It's a crisp sunny morning in early October in the Washington County town of Pembroke and Tim Sheehan walks briskly across an empty parking lot to greet me. He'd been expecting good news about clam flats in northwestern Cobscook Bay being reopened, but instead of a parking lot full of diggers delivering clams to Gulf of Maine Inc., the seafood business on Route 1 he co-owns with his wife, Amy, there's just a quiet sunlit absence.

The flats had been closed for almost a week after an historic rainfall on Sept. 30 forced Maine's Department of Marine Resources to close the entire coast to shellfish harvesting. Even though he knows the closures are a temporary and necessary precaution — until water quality testing determines there's no longer a risk of runoff pollution contaminating soft shell clams and mussels in the tidal flats — it's still hard for Sheehan to accept another blank day on his company's ledgers.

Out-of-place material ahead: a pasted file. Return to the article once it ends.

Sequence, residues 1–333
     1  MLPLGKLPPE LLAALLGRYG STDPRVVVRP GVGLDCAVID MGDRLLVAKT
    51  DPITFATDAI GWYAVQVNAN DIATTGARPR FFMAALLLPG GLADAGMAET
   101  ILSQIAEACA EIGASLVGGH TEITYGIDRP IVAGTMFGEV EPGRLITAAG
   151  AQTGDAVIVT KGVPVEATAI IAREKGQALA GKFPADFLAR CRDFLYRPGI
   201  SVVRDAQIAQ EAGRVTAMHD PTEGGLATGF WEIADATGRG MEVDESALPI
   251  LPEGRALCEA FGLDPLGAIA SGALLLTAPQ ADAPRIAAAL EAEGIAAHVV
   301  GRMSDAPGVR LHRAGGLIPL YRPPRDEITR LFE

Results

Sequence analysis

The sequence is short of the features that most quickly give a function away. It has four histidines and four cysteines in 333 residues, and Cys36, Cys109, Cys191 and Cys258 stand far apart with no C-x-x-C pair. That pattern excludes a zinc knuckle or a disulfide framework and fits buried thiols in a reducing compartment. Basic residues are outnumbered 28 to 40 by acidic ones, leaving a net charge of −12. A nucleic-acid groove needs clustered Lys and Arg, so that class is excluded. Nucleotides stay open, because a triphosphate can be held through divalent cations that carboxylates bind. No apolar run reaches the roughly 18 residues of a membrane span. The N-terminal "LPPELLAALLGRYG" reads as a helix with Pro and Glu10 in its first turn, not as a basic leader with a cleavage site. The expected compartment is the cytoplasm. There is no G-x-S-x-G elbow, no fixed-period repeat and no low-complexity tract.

"I'm a dealer, our business depends on clams," he says.

He's not alone in that frustration on this bright Tuesday morning. By mid-morning, a dozen or more clammers had sent text messages asking Sheehan if the flats were open yet. Others had pulled up to his seafood warehouse in pickup trucks — some more than once as the sun advanced towards high noon — wondering the same thing.

"Still no word," Sheehan tells them. Weathered faces nod impassively. They've been through this drill before. A full-time clammer, Kittery or Pembroke no difference, is always waiting for something — the tides to change, DMR closures to lift, prices to go up and tiny seed clams to grow to harvestable sizes.

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